Turn it off!
We all struggle as adults with our own consumption of digital devices and digital platforms as we nagivage these the question of finding balance and strategies to navigate these when parenting can be challenging and often even exhausting. So often it feel like new territory and constant motion of keeping up
In the following resources are some approaches and disposition to explore based on a couple reports by the American Academy of Pediatrics
From the reports and research there are some important messages for parents to consider and explore
Media is just another environment.
Children do the same things they have always done, only virtually. Like any environment, media can have positive and negative effects.
Parenting has not changed.
The same parenting rules apply to your children’s real and virtual environments. Play with them. Set limits; kids need and expect them. Teach kindness. Be involved. Know their friends and where they are going with them.
Role modeling is critical.
Limit your own media use, and model online etiquette. Attentive parenting requires face time away from screens.
We learn from each other.
Neuroscience research shows that very young children learn best via two-way communication. “Talk time” between caregiver and child remains critical for language development. Passive video presentations do not lead to language learning in infants and young toddlers. The more media engender live interactions, the more educational value they may hold (e.g., a toddler chatting by video with a parent who is traveling). Optimal educational media opportunities begin after age 2, when media may play a role in bridging the learning achievement gap.
The quality of content is more important than the platform or time spent with media. Prioritize how your child spends his time rather than just setting a timer.
Curation helps. More than 80,000 apps are labeled as educational, but little research validates their quality (Hirsh-Pasek KPsych Science2015;16:3-34Google Scholar). An interactive product requires more than “pushing and swiping” to teach. Look to organizations like Common Sense Media (www.commonsensemedia.org) that review age-appropriate apps, games and programs.
Family participation with media facilitates social interactions and learning. Play a video game with your kids. Your perspective influences how your children understand their media experience. For infants and toddlers, co-viewing is essential.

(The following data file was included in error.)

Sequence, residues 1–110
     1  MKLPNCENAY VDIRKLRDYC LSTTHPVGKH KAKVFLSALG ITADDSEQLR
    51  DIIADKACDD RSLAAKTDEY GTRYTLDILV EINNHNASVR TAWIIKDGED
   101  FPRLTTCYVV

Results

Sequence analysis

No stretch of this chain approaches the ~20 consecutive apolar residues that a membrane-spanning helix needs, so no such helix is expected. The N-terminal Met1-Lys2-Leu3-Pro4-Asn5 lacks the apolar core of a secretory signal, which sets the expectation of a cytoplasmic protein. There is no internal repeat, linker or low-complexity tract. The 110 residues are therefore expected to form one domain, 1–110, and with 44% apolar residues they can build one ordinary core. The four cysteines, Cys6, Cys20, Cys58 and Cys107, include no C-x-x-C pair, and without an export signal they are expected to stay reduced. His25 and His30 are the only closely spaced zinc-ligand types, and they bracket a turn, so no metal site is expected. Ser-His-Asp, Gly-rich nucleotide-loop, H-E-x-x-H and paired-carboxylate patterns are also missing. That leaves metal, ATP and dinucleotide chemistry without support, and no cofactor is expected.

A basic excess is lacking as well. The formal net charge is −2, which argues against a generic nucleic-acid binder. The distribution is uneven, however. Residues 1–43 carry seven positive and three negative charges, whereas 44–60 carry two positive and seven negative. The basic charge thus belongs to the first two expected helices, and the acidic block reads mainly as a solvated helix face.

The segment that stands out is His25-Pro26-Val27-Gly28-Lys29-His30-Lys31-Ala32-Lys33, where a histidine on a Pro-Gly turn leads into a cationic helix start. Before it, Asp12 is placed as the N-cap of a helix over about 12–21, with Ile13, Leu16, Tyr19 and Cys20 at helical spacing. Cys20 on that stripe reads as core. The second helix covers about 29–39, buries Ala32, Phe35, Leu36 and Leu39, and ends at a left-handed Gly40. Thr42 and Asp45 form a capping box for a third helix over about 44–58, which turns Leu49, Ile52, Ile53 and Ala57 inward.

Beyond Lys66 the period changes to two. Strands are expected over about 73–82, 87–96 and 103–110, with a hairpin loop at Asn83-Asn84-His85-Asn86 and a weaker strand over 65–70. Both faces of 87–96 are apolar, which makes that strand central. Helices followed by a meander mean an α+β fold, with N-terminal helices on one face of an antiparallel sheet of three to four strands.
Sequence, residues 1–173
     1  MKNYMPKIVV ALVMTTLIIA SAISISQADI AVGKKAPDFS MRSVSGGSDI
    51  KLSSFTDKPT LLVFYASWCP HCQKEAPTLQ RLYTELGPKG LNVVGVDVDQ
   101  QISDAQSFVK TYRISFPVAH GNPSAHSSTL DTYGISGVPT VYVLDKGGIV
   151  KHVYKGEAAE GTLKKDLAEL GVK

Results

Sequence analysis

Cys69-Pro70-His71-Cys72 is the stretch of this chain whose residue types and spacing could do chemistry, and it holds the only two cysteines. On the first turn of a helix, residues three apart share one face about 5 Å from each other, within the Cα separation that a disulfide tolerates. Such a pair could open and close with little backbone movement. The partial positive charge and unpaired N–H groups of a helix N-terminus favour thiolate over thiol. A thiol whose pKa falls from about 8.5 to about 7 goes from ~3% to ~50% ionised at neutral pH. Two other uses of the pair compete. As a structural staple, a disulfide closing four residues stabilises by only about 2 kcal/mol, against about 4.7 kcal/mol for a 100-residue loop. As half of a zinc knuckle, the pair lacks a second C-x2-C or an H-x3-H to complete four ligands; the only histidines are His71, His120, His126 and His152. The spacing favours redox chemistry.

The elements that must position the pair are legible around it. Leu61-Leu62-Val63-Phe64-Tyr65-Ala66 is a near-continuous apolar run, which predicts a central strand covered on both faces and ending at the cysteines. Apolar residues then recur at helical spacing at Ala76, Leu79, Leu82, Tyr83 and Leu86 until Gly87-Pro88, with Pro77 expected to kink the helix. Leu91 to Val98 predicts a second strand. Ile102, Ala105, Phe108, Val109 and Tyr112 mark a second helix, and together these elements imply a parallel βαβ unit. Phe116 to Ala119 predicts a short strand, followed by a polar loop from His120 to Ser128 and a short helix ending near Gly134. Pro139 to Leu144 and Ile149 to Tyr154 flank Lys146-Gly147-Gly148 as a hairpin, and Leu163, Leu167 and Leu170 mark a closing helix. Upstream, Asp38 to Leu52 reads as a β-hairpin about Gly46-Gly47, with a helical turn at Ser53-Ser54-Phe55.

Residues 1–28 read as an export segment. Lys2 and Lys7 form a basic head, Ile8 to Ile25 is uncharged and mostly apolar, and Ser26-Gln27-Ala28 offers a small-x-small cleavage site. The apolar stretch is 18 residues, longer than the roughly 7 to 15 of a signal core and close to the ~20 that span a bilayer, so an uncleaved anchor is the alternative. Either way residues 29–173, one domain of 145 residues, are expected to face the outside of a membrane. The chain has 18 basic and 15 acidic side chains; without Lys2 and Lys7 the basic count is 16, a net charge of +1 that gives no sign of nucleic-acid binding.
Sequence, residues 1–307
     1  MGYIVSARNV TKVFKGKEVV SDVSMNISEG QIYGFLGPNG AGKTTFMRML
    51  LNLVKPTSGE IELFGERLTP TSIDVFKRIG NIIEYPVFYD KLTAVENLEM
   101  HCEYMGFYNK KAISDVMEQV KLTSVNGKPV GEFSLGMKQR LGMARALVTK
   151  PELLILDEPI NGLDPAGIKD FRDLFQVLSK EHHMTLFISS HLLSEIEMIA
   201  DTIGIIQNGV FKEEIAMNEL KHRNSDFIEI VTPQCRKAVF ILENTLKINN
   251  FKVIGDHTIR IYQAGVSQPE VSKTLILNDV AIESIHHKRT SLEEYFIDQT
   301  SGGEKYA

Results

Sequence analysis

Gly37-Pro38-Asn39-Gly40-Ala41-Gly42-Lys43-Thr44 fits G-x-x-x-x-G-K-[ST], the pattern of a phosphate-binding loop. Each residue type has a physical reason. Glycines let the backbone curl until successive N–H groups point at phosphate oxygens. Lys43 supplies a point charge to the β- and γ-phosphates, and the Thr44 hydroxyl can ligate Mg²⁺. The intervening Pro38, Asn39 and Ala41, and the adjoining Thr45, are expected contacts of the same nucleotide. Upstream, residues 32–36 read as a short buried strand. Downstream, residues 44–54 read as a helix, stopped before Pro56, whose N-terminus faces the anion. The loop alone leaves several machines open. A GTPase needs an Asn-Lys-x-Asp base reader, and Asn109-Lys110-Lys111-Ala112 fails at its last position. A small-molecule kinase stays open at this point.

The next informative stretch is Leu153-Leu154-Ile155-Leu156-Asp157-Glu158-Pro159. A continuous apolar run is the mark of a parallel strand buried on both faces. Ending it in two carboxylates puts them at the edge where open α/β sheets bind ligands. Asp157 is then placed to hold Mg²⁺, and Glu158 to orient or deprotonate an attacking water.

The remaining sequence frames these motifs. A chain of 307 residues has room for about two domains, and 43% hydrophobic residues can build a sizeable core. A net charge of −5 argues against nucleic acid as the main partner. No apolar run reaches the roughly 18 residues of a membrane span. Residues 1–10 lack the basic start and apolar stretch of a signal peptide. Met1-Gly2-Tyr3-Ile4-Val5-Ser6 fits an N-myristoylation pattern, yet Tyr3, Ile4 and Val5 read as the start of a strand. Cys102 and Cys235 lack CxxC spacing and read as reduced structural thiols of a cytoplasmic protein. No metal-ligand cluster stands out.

Playtime is important.
Unstructured playtime stimulates creativity. Prioritize daily unplugged playtime, especially for the very young.
Set limits. Tech use, like all other activities, should have reasonable limits. Does your child’s technology use help or hinder participation in other activities?
It’s OK for your teen to be online. Online relationships are integral to adolescent development. Social media can support identity formation. Teach your teen appropriate behaviors that apply in both the real and online worlds. Ask teens to demonstrate what they are doing online to help you understand both content and context.
Create tech-free zones.
Preserve family mealtime. Recharge devices overnight outside your child’s bedroom. These actions encourage family time, healthier eating habits and healthier sleep.
Kids will be kids.
Kids will make mistakes using media. These can be teachable moments if handled with empathy. Certain aberrations, however, such as sexting or posting self-harm images, signal a need to assess youths for other risk-taking behaviors.
Digital life begins at a young age, and so must parental guidance. Children who are “growing up digital” should learn healthy concepts of digital citizenship.
The Academy and pediatricians have a crucial role in translating ongoing media research into practical, evidence-based advice. As such, formal recommendations are forthcoming, and the role of media in children’s lives will be the focus of the Pediatrics for the 21st Century The juggle